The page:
You are viewing the content for Tuesday 14 February 2006

43% of heart attacks go undiagnosed, research claims

By Lyndsay Moss
OVER 40% of heart attacks may be going undiagnosed at the time they occur, research suggested yesterday.

A Dutch team assessed more than 4,000 men and women over the age of 55 to see if any had suffered a heart attack which went undiagnosed when it happened.

They estimated that 43% of heart attacks had been clinically unrecognised.

Men were more likely to get a diagnosis straight after an attack than women, according to the study.

The findings suggested the role of electrocardiograms (ECG) in current health programmes to prevent further heart trouble should be evaluated.

The team enrolled 5,148 people with no evidence of having had a myocardial infarction (MI) - a heart attack - from 1990 to 1993, with each having a baseline ECG and examination.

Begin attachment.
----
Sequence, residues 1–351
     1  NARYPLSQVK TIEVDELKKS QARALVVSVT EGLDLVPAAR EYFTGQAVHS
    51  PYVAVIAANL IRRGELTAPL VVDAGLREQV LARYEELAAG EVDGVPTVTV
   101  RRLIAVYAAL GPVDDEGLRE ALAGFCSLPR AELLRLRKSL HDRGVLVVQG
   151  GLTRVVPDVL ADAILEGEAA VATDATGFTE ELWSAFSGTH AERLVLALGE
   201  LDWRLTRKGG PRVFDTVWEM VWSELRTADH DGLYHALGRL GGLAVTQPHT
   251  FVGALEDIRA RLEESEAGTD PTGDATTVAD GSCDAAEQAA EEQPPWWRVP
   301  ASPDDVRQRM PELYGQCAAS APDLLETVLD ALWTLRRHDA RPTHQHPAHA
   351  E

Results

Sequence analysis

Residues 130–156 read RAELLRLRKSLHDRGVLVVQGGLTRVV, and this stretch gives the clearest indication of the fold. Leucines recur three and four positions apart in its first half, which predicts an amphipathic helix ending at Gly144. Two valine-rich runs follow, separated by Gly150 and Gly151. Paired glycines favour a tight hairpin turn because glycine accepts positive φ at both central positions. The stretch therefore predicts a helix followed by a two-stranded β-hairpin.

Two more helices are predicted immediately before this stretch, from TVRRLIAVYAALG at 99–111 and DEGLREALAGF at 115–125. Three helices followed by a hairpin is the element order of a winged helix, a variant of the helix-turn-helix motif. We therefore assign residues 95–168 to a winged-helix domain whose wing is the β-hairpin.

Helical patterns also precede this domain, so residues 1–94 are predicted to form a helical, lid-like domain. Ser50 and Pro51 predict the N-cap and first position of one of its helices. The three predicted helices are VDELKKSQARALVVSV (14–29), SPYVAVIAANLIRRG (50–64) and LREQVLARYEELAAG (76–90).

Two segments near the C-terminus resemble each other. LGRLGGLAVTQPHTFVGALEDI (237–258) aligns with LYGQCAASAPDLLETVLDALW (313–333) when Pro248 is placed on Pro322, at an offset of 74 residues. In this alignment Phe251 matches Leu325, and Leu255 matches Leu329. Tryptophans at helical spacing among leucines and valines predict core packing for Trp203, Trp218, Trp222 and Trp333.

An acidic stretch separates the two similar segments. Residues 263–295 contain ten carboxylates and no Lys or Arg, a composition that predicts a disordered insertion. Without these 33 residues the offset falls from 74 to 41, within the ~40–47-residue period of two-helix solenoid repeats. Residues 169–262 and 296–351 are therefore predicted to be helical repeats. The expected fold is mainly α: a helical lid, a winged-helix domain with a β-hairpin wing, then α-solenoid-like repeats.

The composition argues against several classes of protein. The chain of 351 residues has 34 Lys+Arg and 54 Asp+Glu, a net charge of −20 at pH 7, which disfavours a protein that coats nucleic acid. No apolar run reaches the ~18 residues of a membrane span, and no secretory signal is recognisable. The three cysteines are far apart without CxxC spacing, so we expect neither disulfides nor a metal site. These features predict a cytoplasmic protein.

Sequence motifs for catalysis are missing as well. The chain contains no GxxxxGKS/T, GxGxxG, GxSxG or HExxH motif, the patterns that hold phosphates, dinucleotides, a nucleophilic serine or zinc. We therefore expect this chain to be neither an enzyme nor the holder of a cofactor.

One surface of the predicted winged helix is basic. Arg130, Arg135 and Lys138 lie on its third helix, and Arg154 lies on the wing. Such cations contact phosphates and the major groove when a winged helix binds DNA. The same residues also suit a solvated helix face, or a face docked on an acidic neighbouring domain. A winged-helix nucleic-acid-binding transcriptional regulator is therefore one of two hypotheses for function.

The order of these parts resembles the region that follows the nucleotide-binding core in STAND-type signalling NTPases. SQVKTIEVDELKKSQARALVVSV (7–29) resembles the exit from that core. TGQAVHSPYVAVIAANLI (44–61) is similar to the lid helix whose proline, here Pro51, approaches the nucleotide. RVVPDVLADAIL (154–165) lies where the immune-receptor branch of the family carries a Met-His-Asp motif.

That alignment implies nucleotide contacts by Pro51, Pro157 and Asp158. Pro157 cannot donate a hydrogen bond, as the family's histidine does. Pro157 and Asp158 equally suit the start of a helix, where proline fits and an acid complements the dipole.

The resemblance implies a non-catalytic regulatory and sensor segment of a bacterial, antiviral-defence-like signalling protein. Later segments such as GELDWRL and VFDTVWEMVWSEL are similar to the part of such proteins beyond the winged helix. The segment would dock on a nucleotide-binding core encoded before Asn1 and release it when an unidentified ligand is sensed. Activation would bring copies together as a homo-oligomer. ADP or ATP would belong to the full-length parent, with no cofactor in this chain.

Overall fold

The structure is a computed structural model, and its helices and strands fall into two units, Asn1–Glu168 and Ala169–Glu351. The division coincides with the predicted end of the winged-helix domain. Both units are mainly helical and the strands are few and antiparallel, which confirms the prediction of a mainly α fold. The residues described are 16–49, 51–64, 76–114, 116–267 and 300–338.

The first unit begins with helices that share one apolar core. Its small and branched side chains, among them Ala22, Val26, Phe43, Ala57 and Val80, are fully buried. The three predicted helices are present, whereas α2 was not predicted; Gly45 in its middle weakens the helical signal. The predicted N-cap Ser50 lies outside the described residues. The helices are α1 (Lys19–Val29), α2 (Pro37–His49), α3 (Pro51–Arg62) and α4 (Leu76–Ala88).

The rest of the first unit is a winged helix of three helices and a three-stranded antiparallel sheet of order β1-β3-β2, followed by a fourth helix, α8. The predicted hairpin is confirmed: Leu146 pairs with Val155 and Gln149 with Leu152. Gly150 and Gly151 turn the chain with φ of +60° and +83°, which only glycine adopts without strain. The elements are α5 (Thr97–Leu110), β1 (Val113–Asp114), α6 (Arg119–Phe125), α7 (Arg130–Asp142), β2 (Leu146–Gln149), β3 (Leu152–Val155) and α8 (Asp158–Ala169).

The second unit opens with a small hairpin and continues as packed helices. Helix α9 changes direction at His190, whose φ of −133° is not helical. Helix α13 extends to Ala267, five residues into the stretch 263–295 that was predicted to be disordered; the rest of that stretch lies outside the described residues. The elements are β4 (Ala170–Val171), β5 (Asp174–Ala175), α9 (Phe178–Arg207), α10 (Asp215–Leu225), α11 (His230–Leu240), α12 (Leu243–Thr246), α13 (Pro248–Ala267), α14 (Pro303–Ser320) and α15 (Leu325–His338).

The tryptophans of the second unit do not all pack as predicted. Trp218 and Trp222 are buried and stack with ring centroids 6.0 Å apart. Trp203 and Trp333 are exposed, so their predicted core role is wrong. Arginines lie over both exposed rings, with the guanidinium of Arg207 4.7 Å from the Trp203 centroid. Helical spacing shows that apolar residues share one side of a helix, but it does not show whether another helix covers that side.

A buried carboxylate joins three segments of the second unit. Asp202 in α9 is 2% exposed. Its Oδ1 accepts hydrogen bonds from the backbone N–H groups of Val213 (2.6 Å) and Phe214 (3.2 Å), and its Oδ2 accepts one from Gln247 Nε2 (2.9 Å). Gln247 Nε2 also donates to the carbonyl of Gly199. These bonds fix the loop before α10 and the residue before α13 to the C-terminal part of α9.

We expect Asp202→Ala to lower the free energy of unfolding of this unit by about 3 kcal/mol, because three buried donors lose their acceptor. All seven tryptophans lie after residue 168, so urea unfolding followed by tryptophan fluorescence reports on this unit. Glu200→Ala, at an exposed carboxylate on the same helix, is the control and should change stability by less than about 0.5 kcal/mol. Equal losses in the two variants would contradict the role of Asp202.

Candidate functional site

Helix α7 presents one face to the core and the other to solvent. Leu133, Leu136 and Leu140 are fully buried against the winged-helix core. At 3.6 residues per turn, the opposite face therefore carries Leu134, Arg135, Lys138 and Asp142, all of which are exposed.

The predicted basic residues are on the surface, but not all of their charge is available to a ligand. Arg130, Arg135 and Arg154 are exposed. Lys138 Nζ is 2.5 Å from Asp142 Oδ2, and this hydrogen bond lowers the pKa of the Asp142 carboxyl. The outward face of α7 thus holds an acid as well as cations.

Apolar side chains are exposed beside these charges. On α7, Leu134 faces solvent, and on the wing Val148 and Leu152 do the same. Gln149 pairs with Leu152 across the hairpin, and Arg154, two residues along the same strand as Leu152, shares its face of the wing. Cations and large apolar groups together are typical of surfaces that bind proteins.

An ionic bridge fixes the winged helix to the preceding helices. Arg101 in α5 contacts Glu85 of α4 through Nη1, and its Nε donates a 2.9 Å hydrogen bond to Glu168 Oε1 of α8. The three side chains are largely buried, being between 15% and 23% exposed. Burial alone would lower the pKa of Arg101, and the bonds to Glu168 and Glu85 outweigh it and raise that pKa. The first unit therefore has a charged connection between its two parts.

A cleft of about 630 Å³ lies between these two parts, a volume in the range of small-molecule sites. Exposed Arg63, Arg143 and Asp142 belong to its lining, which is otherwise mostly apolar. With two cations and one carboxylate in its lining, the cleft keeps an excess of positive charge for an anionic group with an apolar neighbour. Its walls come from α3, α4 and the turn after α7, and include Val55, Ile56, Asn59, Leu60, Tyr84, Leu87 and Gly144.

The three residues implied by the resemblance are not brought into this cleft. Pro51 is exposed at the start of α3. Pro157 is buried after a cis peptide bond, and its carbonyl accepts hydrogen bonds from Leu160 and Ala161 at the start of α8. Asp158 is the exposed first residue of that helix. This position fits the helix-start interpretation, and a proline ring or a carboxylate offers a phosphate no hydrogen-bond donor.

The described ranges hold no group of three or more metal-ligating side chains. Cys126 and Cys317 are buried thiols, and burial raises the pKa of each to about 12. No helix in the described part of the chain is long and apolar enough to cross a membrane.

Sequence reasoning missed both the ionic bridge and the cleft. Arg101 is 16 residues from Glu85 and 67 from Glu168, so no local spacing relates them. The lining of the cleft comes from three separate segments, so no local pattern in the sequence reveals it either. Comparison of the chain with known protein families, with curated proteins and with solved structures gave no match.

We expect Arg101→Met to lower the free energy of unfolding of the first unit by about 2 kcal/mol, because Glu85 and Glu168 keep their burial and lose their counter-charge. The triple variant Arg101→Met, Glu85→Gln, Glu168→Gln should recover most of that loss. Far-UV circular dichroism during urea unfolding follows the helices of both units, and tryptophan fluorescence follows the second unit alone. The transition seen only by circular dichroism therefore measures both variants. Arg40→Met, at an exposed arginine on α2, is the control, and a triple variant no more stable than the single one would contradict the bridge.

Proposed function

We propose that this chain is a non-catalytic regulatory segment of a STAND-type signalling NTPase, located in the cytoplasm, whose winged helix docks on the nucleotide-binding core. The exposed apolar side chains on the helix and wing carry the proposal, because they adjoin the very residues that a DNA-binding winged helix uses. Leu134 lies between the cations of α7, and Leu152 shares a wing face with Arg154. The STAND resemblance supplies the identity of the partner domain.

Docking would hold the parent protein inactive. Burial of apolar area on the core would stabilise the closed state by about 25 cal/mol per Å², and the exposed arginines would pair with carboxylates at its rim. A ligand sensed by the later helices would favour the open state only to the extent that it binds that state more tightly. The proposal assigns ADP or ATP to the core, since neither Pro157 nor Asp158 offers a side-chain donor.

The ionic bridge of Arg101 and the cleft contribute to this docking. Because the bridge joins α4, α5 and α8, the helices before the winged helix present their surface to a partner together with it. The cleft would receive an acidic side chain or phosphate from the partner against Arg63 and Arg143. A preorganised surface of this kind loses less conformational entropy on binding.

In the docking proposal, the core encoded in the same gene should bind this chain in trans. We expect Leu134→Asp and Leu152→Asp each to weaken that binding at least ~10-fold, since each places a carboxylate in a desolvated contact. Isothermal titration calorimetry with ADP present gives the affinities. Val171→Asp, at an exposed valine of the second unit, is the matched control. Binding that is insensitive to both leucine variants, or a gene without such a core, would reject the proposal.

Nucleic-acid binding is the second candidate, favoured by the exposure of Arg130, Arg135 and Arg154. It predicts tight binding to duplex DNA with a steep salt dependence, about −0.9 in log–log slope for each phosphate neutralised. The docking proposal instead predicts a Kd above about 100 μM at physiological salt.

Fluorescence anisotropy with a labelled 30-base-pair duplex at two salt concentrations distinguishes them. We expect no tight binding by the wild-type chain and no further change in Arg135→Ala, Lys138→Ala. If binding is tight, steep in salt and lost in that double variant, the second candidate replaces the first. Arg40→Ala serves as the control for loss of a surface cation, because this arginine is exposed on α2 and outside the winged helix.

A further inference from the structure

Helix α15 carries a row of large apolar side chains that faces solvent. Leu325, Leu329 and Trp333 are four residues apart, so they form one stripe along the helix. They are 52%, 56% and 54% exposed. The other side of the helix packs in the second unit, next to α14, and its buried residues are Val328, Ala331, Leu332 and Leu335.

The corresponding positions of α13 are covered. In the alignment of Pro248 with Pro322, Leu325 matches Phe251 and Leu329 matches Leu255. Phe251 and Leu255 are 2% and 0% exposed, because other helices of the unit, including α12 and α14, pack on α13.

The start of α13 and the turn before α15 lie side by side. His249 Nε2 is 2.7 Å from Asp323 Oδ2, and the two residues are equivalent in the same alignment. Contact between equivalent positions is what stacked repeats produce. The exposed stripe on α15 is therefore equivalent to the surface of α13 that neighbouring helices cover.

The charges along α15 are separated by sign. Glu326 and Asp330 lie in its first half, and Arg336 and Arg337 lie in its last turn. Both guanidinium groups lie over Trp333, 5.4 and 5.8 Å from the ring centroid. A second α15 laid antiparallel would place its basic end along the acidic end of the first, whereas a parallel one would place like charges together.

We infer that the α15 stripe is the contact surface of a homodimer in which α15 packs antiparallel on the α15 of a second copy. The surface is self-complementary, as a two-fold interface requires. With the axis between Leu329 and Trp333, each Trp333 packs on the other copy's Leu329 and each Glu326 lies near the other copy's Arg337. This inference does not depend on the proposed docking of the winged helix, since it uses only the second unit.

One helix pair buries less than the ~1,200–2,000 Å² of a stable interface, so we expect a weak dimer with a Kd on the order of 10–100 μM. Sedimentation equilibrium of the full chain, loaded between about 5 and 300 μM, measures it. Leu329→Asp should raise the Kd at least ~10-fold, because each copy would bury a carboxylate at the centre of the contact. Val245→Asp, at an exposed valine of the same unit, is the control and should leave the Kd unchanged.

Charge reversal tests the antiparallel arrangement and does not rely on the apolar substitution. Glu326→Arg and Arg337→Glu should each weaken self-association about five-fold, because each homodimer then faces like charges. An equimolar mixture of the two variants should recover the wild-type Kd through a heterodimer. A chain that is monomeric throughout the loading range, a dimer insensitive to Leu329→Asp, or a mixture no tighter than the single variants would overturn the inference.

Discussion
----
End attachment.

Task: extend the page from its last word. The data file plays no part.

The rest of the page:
Information from formally diagnosed MIs were analysed, with an average of six years follow-up.

The researchers found that 4,187 people went on to have at least one more ECG and these were analysed to see if they had at some point suffered a heart attack that was not diagnosed at the time it happened.

Lead researcher Dr Jacqueline Witteman said: "Overall, 43% of the total heart attacks had been clinically unrecognised - a third of the male heart attacks and more than a half of the female heart attacks".

Co-author Dr Eric Boersma said there were several factors likely to help explain why heart attacks could go unrecognised.

"Men and women experience chest pain in different ways. MIs can occur without typical symptoms in women, also in people with diabetes and the elderly.

"They may sense shoulder pain instead of chest pain, they may think they have severe flu that is taking a long time to recover from, and those with an inferior-wall infarction may complain of stomach pain.

"It is also a problem that women and their doctors have traditionally worried more about death from breast and gynaecological cancer, than from heart disease."

The researchers suggested that ECG could be used as part of preventative health programmes to reduce the risk of repeated heart problems.

Those people who have a recognised heart problem can be given drugs such as aspirin and statins to reduce the danger to their health.